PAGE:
Following up on our last 5a7 about games and mobilization with MOB Montreal, we’ll be hosting an open discussion on games for change this Thursday from 5-7pm. As Wikipedia points out, games for change refers to a movement, a community of practice, a non-profit organization, a festival, and any game that targets the ideal of using games to foster social change. While we’d like to talk about all of these things, we’re going to focus on thinking critically about individual games and the different approaches to social change that they represent. What are the pros and cons of each approach? How do we measure whether a game succeeds or fails as both a game and a mechanism for social change? What assumptions and values are embedded in these games? To get us started, we’d like to suggest that everyone read this article on the charitable industrial complex, and play this Facebook game about charitable giving and entrepreneurship.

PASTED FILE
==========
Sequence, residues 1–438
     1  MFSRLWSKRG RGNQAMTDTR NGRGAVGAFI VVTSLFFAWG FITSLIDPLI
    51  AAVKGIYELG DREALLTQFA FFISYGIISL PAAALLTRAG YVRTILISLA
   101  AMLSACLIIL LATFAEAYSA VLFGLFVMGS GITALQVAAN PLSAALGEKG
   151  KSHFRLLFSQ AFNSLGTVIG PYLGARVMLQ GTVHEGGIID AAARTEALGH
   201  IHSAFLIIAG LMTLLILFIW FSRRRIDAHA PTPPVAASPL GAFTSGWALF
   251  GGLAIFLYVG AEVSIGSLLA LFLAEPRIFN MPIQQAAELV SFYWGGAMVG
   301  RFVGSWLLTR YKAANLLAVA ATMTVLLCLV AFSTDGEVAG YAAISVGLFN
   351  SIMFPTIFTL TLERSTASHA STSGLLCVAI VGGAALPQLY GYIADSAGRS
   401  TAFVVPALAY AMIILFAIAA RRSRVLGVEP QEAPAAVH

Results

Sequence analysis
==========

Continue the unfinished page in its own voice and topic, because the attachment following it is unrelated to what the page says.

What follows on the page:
Below is a list of other games we think might be interesting to discuss. We’ve tried to cover a range of different types of games and topics. If you have any other examples you’d like to share and/or talk about you can send them to Carolyn at email@example.com and I’ll post them here.
A non-digital sports game about balancing the federal budget: http://www.gamesforchange.org/play/budget-ball/
A card game about economic inequalities: http://privilegethegame.com/
A text-based game about fracking: http://dl.dropboxusercontent.com/u/36764/what-the-frack/index.html#
A “massively single-player game” about gun control and the rhetoric of the NRA: http://www.molleindustria.org/the-best-amendment/
A game about government censorship and public opinion: http://www.gamesforchange.org/festival2013/games/the-republia-times/
A game about budgeting for low-income workers: http://playspent.org/
A game about the genocide in Darfur: http://www.darfurisdying.com/